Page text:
A new SISSA study suggests that dark matter interacts with gravity in non-local ways, challenging traditional theories and offering new insights into the nature of dark matter. Using fractional calculus, the researchers found that this nonlocal interaction more accurately describes the motion of stars, especially in small galaxies.
Isaac Newton described his theory of gravity as a force that acts instantly in space: a planet immediately feels the effects of another astronomical object, regardless of the distance between them. This aspect inspired Einstein to create the famous theory of general relativity, in which gravity becomes a local deformation of space-time.
The locality principle states that an object is directly influenced only by its environment: distant objects cannot communicate instantly, only what is here and now counts. However, in the last century, with the birth and development of quantum mechanics, physicists discovered that non-local phenomena not only exist but are fundamental to understanding the nature of reality.
Now, a new study from SISSA – Scuola Internazionale Superiore di Studi Avanzati, recently published in EL Revista de Astrofísica, suggests that dark matter, one of the most mysterious components of the Universe, interacts with gravity in a non-local way. According to the authors, the Ph. For students Francesco Benetti and Giovanni Gandolfi, as well as their supervisor Andrea Lapi, this discovery could offer a new perspective on the still unclear nature of dark matter.
Dark matter is a fundamental component of nature: it is responsible for the formation of the structures we see in the Universe today and surrounds the luminous matter of galaxies, thus contributing to the movement of the stars we see in the sky. However, the nature of dark matter, including its interaction with gravity in small galaxies, remains a mystery.
“Over the past decades, the scientific community has made great efforts to understand these enigmatic phenomena, but many questions remain unanswered. To explore the nature of dark matter and its interaction with gravity, a new approach might be needed,” the study authors explain. New SISSA research has explored precisely this fascinating pathway.
The study proposes a new model of non-local interaction between the dark matter of a galaxy and gravity: “It is as if all the matter in the universe tells the dark matter of a galaxy how to move,” say the authors.
Fractional calculus, a mathematical tool first developed in the 17th century and recently used in various fields of physics, was used to model this non-locality. The power of this calculation has never before been tested in astrophysics.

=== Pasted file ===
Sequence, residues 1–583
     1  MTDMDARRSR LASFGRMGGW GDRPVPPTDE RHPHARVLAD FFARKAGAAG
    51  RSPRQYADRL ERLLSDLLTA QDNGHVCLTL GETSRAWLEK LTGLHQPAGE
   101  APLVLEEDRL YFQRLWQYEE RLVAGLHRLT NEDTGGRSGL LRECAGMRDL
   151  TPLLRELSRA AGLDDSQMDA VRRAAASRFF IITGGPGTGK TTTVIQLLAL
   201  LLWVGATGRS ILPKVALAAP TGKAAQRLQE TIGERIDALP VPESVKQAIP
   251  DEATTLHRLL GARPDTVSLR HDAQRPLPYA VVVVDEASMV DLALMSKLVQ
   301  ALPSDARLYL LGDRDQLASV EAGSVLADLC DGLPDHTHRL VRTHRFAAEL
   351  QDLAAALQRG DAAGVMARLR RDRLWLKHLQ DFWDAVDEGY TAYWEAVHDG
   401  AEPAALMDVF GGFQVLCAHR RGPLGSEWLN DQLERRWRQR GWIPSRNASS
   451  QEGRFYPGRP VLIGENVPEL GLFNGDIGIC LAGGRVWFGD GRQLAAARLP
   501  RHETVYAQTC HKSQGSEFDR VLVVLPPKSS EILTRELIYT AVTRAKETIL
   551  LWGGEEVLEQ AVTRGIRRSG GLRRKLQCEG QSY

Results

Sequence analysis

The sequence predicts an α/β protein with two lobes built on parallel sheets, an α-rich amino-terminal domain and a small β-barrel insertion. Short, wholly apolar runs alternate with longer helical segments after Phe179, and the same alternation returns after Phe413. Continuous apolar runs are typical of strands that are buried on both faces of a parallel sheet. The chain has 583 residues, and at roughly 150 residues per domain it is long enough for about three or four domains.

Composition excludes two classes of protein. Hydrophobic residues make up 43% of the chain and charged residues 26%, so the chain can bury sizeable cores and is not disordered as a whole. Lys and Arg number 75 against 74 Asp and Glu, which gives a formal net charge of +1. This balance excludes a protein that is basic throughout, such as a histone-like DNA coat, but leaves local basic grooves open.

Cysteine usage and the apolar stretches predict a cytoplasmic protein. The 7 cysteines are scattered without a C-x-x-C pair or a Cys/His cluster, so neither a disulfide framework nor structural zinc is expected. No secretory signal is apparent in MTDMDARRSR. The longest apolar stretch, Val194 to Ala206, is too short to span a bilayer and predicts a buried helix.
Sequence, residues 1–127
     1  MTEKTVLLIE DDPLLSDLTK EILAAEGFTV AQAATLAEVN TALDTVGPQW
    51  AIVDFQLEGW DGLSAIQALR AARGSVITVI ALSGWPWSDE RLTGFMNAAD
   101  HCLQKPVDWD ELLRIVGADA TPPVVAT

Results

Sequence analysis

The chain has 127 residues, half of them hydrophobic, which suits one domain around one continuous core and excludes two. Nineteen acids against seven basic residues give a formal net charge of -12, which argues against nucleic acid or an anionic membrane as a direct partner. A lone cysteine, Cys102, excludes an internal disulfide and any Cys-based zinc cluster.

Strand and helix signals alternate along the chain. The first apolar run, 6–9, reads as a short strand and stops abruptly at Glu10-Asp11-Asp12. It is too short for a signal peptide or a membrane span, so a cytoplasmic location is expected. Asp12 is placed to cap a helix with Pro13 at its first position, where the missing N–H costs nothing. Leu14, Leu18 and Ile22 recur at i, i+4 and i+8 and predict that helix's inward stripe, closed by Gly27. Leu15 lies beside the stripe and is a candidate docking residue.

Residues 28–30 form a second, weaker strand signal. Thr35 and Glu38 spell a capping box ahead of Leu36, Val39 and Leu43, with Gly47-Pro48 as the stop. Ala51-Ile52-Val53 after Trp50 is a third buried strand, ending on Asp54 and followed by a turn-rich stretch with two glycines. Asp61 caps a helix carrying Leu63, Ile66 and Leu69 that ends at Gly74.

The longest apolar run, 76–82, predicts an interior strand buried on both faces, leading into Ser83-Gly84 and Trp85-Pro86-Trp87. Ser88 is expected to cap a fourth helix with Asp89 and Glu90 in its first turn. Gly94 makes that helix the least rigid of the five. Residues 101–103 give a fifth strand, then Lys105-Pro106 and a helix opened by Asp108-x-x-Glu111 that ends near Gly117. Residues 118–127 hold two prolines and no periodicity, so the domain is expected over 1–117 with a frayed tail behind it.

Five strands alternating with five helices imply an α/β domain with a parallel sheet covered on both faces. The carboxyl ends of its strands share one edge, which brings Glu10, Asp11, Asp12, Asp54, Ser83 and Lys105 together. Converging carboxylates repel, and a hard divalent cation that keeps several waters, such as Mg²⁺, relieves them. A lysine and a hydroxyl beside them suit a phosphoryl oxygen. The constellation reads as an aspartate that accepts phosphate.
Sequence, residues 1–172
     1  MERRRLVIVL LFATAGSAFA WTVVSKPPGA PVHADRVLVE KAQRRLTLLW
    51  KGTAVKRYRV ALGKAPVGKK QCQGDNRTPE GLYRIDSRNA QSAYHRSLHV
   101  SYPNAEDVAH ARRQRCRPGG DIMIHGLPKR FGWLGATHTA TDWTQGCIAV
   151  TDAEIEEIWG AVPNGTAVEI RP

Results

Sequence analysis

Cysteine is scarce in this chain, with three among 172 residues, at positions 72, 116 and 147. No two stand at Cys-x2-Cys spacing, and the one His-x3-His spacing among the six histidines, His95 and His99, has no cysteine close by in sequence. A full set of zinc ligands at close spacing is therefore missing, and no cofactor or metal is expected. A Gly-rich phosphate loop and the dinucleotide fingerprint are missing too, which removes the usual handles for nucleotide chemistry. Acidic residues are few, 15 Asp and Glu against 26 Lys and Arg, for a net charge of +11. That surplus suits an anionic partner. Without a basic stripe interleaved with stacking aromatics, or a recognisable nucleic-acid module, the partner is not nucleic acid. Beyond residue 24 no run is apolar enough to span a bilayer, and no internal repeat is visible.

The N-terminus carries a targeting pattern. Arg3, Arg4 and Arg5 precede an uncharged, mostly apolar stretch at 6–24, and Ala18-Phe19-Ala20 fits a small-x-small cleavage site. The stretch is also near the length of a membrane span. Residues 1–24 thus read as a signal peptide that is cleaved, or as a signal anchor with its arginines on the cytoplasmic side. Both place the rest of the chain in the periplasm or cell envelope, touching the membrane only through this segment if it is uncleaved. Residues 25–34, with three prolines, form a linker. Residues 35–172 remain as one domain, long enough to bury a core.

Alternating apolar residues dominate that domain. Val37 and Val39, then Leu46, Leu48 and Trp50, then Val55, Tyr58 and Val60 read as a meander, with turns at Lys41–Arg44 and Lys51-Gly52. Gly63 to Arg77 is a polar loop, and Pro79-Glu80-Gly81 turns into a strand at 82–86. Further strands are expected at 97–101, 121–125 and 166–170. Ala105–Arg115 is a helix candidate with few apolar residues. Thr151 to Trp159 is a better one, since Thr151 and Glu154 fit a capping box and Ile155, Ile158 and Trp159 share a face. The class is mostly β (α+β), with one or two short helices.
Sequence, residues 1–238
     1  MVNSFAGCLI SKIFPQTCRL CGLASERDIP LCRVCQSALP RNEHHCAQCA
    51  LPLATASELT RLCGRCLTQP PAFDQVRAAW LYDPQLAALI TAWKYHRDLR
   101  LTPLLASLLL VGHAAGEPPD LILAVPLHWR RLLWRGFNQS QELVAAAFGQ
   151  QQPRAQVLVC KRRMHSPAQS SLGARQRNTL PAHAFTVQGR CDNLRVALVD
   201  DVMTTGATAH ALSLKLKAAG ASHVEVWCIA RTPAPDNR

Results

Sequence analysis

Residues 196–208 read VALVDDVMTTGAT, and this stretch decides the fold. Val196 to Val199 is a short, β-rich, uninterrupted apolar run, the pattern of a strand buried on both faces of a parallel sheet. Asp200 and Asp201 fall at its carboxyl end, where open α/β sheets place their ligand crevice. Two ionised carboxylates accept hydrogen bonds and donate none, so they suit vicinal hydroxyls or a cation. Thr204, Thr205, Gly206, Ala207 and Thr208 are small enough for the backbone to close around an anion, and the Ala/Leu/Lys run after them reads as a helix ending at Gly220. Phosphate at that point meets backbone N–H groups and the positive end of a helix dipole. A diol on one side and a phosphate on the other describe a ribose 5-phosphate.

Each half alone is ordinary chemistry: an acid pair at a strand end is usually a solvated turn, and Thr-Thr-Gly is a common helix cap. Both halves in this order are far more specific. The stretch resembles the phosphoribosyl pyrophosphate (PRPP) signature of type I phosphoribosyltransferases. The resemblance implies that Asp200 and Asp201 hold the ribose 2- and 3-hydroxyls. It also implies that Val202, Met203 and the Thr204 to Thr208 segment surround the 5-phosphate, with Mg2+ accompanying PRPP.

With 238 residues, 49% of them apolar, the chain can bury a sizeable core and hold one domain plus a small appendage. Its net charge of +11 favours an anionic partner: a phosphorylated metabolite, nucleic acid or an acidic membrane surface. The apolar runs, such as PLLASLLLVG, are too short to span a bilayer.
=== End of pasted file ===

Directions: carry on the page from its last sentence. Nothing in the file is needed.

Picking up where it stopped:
“We wondered if fractional calculus could be the key to understanding the mysterious nature of dark matter and its interaction with gravity, and surprisingly, experimental results in thousands of galaxies of different types showed that the new model more accurately describes the movement of the stars than that. of stars. to the standard theory of gravity,” the authors explain.
This non-locality seems to arise as a collective behavior of dark matter particles within a confined system, being particularly relevant in small galaxies. A deeper understanding of this phenomenon could bring us closer to what dark matter really is.
“However, many unanswered questions remain,” the authors note. “How exactly does non-locality arise? What are its implications within larger structures, such as galaxy clusters, or in the phenomenon of gravitational lensing, which makes it possible to observe distant celestial objects?
Furthermore, it will be necessary to reconsider the standard model of cosmology considering this new mechanism.
More studies will be done to explore all of these implications and more. We would not be surprised to find that the newly proposed non-locality could answer other unresolved questions about the Universe.
Advances in understanding the nature of dark matter represent an important step towards a better understanding of our Universe. Ongoing research continues to provide new insights and bring us closer to a comprehensive understanding of the phenomena around us.
Source: “Dark matter in split gravity. I. Galactic-Scale Astrophysical Proofs” by Francesco Benetti, Andrea Lapi, Giovanni Gandolfi, Paolo Salucci, and Luigi Danese, May 31, 2023, The Journal of Astrophysics.